Investment basics for businesses

Investment basics for businesses

Small business owners often spend all of their time trying to provide value to customers and overlook the importance of looking after the product of their business’s success; their personal wealth. But spending a little more time and effort managing personal investments can make a business and its owner’s personal journey far less painful in the future.

Here are some basics to assist business owners on their investment journey:

Risk and return
Similar to business, the limits governing investment decisions are risk and return. Low investment risk usually results in low investment returns. As an investment’s risk increases, a greater return is required to compensate for the additional risk.

Diversification can be summed up by the adage ‘don’t put all your eggs in one basket’. Spreading your capital over several investments lessens the possibility of losses that can arise if your investments perform poorly.

Asset classes
Asset classes are investment groups that behave in a similar way, display similar characteristics and are subject to the same laws and regulations. Common asset classes include cash, domestic and international equity, domestic and international fixed interest, property and infrastructure. There are two ways to invest within an asset class; passively or actively.

Passive investing
This investment style targets a benchmark index and is often associated with the ‘set and forget’ investment strategy, which is popular with non-active investors. Passive investing provides broad diversification at low investment management costs. However, the downside of this investment style is the inability to outperform a chosen investment benchmark.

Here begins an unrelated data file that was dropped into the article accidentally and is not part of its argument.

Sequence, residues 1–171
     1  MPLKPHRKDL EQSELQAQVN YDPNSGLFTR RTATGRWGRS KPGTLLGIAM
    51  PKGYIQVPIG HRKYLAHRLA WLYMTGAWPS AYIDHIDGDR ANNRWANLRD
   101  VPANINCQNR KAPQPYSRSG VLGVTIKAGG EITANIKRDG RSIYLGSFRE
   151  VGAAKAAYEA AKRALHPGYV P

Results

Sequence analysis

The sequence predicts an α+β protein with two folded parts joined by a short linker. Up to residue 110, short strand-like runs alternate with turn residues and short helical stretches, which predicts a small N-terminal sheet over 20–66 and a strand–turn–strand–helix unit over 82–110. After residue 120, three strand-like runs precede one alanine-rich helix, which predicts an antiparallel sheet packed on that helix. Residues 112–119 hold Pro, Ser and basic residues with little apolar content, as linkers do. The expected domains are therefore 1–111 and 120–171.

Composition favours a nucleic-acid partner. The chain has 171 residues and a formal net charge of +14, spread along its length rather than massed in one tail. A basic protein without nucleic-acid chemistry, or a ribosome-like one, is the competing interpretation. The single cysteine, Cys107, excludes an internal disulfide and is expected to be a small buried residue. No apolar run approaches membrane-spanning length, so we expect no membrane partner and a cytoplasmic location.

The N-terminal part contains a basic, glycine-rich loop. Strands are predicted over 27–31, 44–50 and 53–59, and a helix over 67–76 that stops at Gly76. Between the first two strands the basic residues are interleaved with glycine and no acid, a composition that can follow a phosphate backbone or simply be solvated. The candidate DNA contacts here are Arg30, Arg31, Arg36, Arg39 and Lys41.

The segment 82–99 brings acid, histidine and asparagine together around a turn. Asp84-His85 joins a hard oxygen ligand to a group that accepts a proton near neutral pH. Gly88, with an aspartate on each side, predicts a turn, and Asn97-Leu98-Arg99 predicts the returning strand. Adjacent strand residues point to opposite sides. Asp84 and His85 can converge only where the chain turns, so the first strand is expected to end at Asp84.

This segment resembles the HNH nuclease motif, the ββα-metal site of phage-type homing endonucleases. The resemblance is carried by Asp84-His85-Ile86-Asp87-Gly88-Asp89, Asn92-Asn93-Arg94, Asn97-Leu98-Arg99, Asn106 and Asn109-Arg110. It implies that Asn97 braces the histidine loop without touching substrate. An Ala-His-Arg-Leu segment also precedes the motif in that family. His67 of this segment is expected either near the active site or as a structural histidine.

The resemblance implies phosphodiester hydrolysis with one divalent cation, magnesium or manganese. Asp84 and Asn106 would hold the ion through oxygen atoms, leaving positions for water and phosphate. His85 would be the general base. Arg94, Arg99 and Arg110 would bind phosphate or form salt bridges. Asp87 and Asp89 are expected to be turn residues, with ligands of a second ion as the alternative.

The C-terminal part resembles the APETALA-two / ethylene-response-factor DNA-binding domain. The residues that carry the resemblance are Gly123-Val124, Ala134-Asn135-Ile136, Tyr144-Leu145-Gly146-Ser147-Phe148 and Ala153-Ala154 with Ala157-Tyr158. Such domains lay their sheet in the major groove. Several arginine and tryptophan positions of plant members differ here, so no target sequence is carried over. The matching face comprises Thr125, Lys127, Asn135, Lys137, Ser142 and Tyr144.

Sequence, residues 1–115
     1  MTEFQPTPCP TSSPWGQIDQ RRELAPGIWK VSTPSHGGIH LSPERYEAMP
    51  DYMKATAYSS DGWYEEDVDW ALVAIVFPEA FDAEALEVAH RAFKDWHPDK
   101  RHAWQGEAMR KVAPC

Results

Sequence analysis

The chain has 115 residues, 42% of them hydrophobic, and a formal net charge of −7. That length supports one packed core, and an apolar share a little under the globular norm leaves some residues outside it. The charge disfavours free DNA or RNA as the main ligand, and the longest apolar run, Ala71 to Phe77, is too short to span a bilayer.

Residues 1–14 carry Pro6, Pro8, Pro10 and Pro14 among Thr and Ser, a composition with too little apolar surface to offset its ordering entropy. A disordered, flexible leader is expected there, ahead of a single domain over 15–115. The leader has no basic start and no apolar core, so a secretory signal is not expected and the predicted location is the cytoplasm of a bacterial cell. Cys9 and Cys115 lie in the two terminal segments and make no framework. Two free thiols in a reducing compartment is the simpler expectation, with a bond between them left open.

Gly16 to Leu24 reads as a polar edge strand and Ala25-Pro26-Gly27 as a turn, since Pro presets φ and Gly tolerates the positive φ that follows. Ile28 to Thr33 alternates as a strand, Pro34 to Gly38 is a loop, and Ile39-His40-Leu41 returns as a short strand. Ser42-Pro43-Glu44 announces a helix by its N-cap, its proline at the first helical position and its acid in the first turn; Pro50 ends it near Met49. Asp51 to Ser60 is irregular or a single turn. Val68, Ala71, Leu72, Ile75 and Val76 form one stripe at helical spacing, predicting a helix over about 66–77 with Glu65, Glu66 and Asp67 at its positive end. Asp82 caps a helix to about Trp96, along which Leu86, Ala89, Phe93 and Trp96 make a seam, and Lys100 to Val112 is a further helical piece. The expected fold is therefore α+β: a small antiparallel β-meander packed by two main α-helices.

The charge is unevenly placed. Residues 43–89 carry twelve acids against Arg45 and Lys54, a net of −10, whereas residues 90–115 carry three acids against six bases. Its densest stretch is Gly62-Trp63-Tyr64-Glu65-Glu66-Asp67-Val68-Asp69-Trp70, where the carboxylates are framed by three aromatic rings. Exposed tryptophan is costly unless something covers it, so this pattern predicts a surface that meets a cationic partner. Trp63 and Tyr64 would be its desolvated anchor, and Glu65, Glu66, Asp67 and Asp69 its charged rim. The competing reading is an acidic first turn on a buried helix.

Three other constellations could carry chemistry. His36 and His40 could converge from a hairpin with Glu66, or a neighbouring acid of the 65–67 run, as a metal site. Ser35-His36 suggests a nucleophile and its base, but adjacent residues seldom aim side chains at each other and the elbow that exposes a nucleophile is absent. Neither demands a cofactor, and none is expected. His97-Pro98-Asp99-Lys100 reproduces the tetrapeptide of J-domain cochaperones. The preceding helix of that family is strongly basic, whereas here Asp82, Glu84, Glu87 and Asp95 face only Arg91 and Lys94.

Active investing
This style of investing provides the key advantage of being able to generate additional returns above a benchmark index. Unfortunately, if engaged through an investment professional, active investing can be expensive and carries no guarantee of performance.

Investment time frame
An investment time-frame refers to the length of time intended to maintain an investment portfolio. This plays a significant role in influencing your selection of investments.

Getting started
Similar to many other things in life, the hardest part of investing is getting started. Those who are starting small should consider an investment that will provide efficient diversification of investment capital, without triggering brokerage costs. As a business owner’s portfolio grows in time, they can become more targeted with their investment strategy, structure and philosophy.

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